Shadow Carving Brochure from the Roycroft

Shadow Carving brochure

Individuals could commission Hall, through the Roycroft, to decoratively carve their own pieces for anywhere from $85.00 to $300.00. As their ad put it:

We will carve any sort of Old Wooden Box for you and make it into a Hope Chest, a Linen Chest, or a Treasure Chest, and we will do the work as well as we know how.... No copies but all in original designs.
One story has it that Charles Hall and Bert Hubbard would scour the East Aurora streets on "trash day" to collect old 6-board chests, dressers, boxes, and other items that could be brought back to the Roycroft and carved into "objects d'art". A brochure, entitled Shadow Carving, was printed by the Roycroft and pictures several of these 6-board chests and chests-of-drawers.

The Shadow Carving brochure starts off with a very "romantic" preamble to the actual sale items shown inside. This initial text states:

From time immemorial the decoration of wood has been a foremost art. Man has ever loved to "whittle." The aboriginal decorated his pipe-stem, his weapons and his paddle with grotesque figures of beasts and reptiles, fish and man or other objects symbolizing some emotion he felt.

He gave his God tangible form by making him out of a block of wood! His more civilized successor practiced this art of wood carving. Ancient Egypt, India and China have contributed to the treasury of wood sculpture and many examples of their work has been preserved.

Spain, France and Scandinavia have added their share and England's cathedrals and churches, stately mansions and castles are filled with the magnificent and priceless creations of craftsmen carvers in wood. The Roycrofters are in apostolic succession to these great artists.

Imbued with the same spirit that actuated their efforts Mr. Charles S. Hall and his helpers, work with head, hand and heart materializing dreams in terms of wood sculpture and wood decoration in an ivy-covered workshop at Roycroft. The result is a product that is arrestingly beautiful and desirable.

Brought under the magic of their dexterous tool-minded fingers antique wooden chests—old chairs or tables, oaken slabs and posts are made to reveal a story or record a theme. The chests pictured are antiques.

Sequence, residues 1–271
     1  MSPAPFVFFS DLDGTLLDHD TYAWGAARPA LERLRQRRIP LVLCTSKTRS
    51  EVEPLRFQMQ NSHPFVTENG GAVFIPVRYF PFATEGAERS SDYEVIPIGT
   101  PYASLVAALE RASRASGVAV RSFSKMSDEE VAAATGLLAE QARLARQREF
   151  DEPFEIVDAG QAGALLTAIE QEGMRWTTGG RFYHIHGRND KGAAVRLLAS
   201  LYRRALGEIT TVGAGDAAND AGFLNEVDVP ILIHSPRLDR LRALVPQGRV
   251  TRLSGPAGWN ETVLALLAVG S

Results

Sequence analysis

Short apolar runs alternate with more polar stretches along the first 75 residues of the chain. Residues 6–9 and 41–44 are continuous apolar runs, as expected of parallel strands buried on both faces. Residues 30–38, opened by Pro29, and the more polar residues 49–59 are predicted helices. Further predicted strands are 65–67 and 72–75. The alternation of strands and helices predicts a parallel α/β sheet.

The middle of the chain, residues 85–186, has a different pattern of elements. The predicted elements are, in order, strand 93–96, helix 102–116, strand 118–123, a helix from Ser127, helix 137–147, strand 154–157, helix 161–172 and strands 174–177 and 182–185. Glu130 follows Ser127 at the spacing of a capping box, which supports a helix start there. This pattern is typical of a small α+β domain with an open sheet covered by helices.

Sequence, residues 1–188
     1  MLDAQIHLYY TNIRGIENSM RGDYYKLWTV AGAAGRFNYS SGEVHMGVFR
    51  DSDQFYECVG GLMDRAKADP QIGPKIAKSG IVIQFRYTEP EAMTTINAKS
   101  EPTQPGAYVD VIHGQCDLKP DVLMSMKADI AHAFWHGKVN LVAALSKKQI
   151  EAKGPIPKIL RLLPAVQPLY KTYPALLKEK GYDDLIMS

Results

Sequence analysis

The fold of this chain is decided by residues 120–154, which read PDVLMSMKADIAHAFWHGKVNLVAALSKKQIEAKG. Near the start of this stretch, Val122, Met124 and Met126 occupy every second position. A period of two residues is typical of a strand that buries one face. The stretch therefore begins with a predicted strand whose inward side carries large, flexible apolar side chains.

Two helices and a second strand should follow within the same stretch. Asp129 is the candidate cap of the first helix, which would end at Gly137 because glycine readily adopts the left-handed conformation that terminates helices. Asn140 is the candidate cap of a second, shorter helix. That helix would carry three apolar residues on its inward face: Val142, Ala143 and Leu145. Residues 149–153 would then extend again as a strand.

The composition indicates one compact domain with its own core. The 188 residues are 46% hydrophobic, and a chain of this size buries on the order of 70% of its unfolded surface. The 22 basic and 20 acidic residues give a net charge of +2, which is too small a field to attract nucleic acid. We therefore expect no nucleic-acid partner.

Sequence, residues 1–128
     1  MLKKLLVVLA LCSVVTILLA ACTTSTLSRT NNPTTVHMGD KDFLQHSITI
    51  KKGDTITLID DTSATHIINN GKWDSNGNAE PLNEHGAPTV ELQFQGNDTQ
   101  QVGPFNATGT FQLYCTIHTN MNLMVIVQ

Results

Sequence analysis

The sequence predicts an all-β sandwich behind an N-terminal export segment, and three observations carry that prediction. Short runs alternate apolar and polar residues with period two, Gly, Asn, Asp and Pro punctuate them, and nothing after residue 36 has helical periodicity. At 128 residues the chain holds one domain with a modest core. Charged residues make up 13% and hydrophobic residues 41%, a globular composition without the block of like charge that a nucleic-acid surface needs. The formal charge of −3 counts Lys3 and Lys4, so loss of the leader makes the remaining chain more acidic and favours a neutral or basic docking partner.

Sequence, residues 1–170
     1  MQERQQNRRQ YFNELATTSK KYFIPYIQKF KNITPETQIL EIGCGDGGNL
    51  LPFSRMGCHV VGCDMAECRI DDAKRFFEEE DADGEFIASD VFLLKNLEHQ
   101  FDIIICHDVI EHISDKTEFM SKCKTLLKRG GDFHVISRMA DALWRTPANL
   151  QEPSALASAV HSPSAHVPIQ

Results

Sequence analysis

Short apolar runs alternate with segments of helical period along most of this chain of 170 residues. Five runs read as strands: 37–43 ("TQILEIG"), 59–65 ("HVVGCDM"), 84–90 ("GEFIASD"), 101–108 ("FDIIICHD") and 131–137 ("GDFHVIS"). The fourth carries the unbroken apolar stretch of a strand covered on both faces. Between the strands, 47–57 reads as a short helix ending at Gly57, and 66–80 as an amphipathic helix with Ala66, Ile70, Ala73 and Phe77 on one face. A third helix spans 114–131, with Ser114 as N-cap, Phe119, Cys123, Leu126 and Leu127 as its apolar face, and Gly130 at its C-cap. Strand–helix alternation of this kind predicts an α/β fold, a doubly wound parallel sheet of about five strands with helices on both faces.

There are many other subjects and designs in the Roycroft collection—chests that have the tang of the sea—old sea chests bearing Spanish galleons—Viking chests with ships a-sail on a billowy sea—chests bearing woodland scenes and famous buildings—conventional designs and designs that meet the demand of the disciple of the nouveau art.

The Roycrofters will be happy to furnish you with estimates of the cost of similar work you may desire done. Cheerfully and carefully we will go over the proposition with you, whether it be a chest, a box, chair, table, or mantel, a sideboard, cabinet, plaque or reredos (a decorated screen). And we feel sure you will be delighted with our estimate and work.

One such 6-board chest, in the brochure, shows a "before and after" carving where only the right half of a 6-board chest is carved. This includes a carved right half of the top, a carved right half of the front and a carved right end. The left side of the chest was left uncarved. The brochure says that this chest was in the process of transformation however as the carving is somewhat off-center I think that it was purposefully only half carved to show what could be done with a plain 6-board chest. The wood is pine approximately 3/4" thick and the left (uncarved) side of the front board has some serious cracks in it. These can be seen in the photo in the brochure from the 1930's and they are also present in the current piece (which can be seen in the next web page). Some of the carving is quite deep and extends into the wood within 1/16 of an inch from the backside of the board. On another page in the brochure are displayed several other 6-board chests, including the two from the Roycrofter magazine, each with a different design. Still more chests are pictured—some with very Byzantine looking designs. These small boxes and coffee tables were probably made for Charles Hall by the woodworkers at the Roycroft.

Previous Page     Next Page     Table Of Contents